Early Victorian: Veneered Frames, Empire Style...
Queen Victoria ruled Great Britain from 1837 until 1901. The longest reign in British history became known as the Victorian Era, terminology adopted on this side of the Atlantic as well. For purposes of this website, I have divided the frames created in this productive period into three parts: Early Victorian, Mid-Victorian, and Late Victorian.
The Industrial Revolution, which had its origins in the 18th Century, gave rise to new technologies. Frames that would have been hand-carved in the 18th Century were now cast from molds and mass-produced with length moldings.
The use of wood veneers had its origin in ancient Egypt, where hardwood was scarce. Woodworkers adhered a thin wood veneer to a supporting molding made of less expensive soft wood. In 18th Century Europe veneer was often used to make fine furniture. It was sawn by hand. The invention of saws greatly increased the availability of wood veneers made from walnut, rosewood, bird's eye maple, and mahogany. Generally speaking, the thicker the veneer the earlier the frame. I have grouped most of the veneer frames in this room, because they all have the same look, even though some of them date to a later period.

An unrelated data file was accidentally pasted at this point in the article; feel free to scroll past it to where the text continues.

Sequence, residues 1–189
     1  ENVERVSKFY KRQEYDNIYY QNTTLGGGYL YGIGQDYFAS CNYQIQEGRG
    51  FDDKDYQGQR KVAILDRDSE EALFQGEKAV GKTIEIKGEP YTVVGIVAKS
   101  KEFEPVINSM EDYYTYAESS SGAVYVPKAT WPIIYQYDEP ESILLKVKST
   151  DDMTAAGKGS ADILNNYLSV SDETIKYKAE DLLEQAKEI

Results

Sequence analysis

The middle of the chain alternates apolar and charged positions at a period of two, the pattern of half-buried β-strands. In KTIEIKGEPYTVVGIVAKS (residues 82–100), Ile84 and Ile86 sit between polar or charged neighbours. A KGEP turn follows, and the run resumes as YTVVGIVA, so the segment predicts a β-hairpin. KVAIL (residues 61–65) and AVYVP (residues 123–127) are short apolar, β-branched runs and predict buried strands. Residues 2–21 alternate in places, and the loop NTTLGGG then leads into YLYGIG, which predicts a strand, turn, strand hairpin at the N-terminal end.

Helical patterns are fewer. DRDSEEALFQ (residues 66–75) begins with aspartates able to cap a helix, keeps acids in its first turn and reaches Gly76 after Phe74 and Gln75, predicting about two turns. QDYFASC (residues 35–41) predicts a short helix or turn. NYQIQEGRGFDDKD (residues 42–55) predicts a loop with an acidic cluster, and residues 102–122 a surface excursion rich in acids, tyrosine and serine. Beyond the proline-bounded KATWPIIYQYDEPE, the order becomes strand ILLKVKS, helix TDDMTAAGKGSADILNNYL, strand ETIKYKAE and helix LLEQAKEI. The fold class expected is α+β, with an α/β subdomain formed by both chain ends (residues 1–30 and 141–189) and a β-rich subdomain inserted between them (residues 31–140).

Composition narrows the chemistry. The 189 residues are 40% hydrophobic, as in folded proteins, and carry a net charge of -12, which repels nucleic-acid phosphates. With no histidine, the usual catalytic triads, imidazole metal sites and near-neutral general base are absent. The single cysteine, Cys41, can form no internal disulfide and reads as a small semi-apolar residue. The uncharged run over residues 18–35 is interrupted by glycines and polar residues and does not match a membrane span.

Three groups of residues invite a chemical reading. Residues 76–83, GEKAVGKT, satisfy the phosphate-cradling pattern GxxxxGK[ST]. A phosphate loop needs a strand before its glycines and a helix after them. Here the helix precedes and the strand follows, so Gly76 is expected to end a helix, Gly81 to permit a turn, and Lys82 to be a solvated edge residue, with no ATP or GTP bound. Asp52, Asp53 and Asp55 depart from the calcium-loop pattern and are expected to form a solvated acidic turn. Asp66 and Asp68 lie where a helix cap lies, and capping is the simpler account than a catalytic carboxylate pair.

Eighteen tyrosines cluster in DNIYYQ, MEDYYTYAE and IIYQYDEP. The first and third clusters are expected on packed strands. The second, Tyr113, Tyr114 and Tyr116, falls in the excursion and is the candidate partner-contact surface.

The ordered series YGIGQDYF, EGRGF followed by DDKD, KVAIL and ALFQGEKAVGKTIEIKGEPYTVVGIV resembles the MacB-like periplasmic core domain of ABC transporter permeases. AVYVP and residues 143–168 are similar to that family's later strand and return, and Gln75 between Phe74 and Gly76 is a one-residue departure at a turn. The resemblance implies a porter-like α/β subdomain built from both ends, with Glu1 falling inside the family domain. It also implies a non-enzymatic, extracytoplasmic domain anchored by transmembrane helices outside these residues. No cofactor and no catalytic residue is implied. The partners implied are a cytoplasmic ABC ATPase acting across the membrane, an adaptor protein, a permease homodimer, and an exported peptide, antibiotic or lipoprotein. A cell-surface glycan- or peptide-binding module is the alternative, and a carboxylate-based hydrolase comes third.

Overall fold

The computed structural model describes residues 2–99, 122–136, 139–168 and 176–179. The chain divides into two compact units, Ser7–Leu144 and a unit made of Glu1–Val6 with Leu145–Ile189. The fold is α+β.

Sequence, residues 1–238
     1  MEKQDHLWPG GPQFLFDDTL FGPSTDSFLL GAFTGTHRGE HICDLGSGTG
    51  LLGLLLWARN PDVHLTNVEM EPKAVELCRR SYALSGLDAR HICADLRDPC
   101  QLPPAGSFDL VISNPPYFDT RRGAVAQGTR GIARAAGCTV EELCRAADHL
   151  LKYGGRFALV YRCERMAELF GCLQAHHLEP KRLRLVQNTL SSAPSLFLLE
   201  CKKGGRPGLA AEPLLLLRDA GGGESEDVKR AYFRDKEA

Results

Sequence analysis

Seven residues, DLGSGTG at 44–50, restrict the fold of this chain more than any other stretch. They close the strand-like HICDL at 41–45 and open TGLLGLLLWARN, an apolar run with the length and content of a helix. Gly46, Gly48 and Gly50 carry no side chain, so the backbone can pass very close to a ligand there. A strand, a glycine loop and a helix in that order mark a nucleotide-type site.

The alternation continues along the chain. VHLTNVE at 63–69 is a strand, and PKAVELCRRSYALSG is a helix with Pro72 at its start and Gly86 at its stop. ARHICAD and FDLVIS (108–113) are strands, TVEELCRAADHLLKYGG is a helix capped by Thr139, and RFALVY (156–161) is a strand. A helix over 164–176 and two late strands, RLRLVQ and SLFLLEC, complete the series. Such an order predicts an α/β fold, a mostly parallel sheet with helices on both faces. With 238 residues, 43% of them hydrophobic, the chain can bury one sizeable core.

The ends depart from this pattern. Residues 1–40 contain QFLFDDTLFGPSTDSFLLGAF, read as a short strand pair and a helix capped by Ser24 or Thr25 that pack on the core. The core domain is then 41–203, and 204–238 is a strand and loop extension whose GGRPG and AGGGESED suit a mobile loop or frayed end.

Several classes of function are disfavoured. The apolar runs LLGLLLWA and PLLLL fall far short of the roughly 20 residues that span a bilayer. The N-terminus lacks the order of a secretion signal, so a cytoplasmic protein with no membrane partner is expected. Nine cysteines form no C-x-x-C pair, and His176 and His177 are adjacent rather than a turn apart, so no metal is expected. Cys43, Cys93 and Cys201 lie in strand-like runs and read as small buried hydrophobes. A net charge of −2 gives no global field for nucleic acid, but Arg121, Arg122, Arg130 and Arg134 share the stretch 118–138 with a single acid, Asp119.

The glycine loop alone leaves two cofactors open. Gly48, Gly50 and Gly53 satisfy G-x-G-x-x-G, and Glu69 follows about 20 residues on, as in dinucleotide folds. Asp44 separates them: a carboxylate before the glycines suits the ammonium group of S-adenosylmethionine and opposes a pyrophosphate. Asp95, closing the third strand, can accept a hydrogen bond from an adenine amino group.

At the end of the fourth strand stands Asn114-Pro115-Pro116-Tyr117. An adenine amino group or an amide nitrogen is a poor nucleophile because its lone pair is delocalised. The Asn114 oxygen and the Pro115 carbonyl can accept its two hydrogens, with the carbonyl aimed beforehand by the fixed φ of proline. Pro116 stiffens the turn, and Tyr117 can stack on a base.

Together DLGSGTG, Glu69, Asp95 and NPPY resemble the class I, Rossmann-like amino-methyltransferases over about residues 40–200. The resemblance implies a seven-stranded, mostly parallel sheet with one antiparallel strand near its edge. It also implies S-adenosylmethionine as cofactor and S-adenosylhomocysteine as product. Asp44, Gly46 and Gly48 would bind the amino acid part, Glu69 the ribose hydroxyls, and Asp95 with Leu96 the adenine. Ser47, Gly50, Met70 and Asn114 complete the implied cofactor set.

The Hick's style frame is named for the primitive Americian painter Edward Hicks. Its distinguishing characteristic is the corner block, sometimes plain, sometimes decorated with embossed brass mounts or stencilled designs. Hick's style frames were made for large portraits in oil as well as small watercolor paintings. It is also a common profile of folk art frames.
The period corner samples to the right illustrate a number of veneered profiles from the Empire Period. The ogee, or S-shaped, profile is emblematic of the Early Victorian era.